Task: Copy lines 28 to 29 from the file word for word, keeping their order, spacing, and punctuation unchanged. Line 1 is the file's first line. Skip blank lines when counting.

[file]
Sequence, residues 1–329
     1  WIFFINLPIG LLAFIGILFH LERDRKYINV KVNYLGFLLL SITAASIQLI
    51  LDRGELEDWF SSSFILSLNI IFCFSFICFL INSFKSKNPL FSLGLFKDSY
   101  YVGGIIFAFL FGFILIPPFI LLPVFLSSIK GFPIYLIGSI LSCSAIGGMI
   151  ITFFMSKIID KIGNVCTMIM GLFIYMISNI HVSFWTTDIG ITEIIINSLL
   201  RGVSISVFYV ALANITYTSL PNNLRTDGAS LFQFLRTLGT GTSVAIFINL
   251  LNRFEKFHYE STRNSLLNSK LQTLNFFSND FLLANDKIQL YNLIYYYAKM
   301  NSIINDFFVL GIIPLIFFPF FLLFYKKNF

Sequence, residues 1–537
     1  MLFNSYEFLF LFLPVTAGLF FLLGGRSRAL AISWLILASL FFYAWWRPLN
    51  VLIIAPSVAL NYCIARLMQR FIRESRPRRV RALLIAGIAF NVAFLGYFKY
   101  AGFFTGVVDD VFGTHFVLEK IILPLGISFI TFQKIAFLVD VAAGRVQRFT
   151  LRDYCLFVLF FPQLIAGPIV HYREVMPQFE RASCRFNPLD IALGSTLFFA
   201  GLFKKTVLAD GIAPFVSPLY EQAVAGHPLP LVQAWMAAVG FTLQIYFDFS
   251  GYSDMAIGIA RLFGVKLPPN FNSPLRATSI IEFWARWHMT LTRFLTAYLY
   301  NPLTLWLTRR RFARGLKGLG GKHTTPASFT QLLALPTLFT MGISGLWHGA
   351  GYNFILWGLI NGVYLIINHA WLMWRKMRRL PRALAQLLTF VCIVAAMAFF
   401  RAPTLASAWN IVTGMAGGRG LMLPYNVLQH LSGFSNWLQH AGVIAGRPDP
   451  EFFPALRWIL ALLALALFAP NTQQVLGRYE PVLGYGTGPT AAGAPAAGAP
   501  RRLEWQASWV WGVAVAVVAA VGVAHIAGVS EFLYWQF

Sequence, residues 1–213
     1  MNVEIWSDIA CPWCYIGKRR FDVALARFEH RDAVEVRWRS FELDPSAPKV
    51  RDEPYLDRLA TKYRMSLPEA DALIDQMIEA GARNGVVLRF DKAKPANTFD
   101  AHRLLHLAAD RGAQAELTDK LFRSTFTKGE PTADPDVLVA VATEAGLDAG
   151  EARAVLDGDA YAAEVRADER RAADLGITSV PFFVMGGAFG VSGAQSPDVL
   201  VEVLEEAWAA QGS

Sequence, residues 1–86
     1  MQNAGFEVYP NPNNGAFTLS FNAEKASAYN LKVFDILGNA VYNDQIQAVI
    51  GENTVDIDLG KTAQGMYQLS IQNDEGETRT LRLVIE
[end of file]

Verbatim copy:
     1  MQNAGFEVYP NPNNGAFTLS FNAEKASAYN LKVFDILGNA VYNDQIQAVI
    51  GENTVDIDLG KTAQGMYQLS IQNDEGETRT LRLVIE